Those were the most common trends, but there's other spells that are a Modern signature too. Plenty of players pointed to Orcish Bowmasters and The One Ring, two additions from last year's summer set that have become cornerstones. In the case of Bowmasters, it has a significant effect on how many and what types of one-toughness creatures are played, while The One Ring serves as both a bridge and a win condition in some recursive decks.

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Good old Lightning Bolt also drew praise. With Burn decks making a resurgence in recent weeks, Bolt remains the signature damage spell in Magic and is cementing decks in 2024 just like it did in 1994.

Let's end with a sneaky pick that I think was genius: ANZ Super Series winner James Wilks looked not toward the most proactive cards in the format but to a new reactive spell that has quietly appeared in more and more Top 8 sideboards.

"Pick Your Poison is a flexible sideboard card, and in a format like Modern where you get a low of powerful but narrow hosers for your sideboard, whatever less powerful interaction you choose for your remaining slots should be as flexible as possible," he explained.

Pick Your Poison

"Pick Your Poison covers a good range of problem cards for a low price, and it extends beyond just being a Disenchant by clearing creatures like Murktide Regent. Additionally, if you don't get combo'ed on the spot, it can even hit an opposing Nadu without losing value."

That's Modern, then: anything is possible, unless you want to stop anything from being possible. Both are avenues available to the hundreds of players heading to Pro Tour Modern Horizons 3 this weekend, and the action kicks off Friday morning at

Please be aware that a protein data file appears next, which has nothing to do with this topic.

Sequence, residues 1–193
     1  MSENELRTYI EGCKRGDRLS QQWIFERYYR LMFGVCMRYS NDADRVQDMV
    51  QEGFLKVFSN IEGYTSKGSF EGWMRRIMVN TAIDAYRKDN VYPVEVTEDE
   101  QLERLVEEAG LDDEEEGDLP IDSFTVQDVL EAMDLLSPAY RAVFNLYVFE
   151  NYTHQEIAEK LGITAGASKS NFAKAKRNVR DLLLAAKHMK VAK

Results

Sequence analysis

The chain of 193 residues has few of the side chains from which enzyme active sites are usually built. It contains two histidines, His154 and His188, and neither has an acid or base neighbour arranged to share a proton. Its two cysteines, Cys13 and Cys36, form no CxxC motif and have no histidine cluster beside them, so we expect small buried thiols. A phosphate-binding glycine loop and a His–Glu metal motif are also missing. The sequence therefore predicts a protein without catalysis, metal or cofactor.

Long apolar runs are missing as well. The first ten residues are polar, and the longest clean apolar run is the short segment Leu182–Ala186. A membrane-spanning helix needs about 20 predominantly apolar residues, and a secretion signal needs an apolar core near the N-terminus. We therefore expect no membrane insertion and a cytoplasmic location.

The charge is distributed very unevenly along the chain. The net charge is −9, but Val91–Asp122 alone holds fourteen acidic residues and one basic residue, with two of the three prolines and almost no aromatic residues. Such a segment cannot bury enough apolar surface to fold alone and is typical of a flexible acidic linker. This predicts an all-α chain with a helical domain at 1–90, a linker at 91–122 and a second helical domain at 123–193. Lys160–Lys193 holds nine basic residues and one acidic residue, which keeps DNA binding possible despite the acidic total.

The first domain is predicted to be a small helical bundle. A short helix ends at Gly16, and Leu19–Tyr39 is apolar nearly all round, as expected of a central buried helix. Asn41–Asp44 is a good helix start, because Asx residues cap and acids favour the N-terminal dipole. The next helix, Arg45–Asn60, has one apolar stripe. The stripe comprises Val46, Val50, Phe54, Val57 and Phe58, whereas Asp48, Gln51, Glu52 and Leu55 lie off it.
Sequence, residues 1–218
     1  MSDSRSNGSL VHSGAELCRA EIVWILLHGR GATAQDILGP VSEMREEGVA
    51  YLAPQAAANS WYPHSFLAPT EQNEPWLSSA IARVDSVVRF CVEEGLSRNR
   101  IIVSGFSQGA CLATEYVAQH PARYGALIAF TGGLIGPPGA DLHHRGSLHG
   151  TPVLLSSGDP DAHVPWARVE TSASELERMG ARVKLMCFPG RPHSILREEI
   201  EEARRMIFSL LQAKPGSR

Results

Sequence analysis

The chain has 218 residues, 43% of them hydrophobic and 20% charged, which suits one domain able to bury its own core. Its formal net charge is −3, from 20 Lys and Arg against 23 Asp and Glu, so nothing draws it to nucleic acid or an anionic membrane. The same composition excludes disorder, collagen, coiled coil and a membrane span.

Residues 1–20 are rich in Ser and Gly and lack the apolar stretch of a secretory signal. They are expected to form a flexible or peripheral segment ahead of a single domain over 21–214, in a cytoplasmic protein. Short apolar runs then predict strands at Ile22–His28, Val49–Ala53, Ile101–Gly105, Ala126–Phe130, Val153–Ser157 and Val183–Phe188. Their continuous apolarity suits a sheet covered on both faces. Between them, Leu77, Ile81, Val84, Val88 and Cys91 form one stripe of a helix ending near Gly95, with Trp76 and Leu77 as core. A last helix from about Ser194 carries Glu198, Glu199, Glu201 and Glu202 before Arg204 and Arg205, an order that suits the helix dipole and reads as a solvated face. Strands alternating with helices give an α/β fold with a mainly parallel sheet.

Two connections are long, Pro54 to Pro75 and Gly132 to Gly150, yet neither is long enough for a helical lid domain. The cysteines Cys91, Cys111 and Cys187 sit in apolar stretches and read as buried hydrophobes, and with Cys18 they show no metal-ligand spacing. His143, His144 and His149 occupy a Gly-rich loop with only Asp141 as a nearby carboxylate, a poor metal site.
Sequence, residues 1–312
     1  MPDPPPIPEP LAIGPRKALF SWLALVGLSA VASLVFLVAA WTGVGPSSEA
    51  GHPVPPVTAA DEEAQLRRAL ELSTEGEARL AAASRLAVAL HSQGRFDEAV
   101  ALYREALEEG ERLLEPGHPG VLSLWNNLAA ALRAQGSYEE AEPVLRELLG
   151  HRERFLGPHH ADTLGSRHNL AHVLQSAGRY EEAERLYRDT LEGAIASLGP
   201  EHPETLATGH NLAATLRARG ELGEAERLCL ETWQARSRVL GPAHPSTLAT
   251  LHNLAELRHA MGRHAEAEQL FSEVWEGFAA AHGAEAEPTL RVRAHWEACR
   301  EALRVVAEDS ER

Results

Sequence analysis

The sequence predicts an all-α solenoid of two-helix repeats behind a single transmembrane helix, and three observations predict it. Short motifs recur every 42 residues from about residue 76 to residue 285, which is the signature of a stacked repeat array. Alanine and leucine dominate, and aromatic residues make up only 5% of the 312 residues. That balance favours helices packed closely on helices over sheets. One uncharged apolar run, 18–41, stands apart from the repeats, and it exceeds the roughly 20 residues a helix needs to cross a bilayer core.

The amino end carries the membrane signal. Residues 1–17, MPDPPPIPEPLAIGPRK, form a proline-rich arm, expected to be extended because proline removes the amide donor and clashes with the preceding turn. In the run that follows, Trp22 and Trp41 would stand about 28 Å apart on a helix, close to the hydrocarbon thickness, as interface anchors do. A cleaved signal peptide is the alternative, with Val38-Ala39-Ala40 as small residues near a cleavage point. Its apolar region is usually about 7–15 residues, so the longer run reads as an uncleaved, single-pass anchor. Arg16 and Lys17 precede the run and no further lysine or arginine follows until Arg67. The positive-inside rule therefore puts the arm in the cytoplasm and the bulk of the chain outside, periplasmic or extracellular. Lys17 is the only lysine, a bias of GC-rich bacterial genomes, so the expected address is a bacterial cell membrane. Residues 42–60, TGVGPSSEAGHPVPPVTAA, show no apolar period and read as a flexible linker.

The Road to Magic World Championship 30

While all eyes will be Modern Horizons 3 at the Pro Tour this weekend, we're still counting down the weeks to Magic World Championship 30 later this year. The tournament in Amsterdam will almost fully finalize the World Championship list and the event at MagicCon: Las Vegas will crown our next champion.

Before then, Frank and I are looking back at every previous World Championship. This week brings us to 2008, and to a tournament that I think Frank and I both remember fondly for very different reasons. For me, this was the first World Championship I watched after getting into Magic the previous year, and watching coverage I was hooked. The Lorwyn-era event had some enduringly famous cards, as well as some famous players.

The United States team of Michael Jacob, Sam Black, and Paul Cheon won the team event over Australia, and then 329 players from 57 countries competed in the individual portion. When the dust settled in Memphis it was a star-studded Top 8 with participants from five different countries (Japan was again dominant with three Sunday stage players). There was also a dominant deck that weekend, as Bitterblossom, Mistbind Clique, Spellstutter Sprite, Cryptic Command, and all the rest of the Faerie swarm came together for victory in the hands of Finland's Antti Malin.

With Paulo Vitor Damo da Rosa making his fourth Pro Tour Top 8 at the event and Kenji Tsumura making his sixth, it was a heck of an introduction to the World Championship!

Antti Malin, 2008 Magic World Championship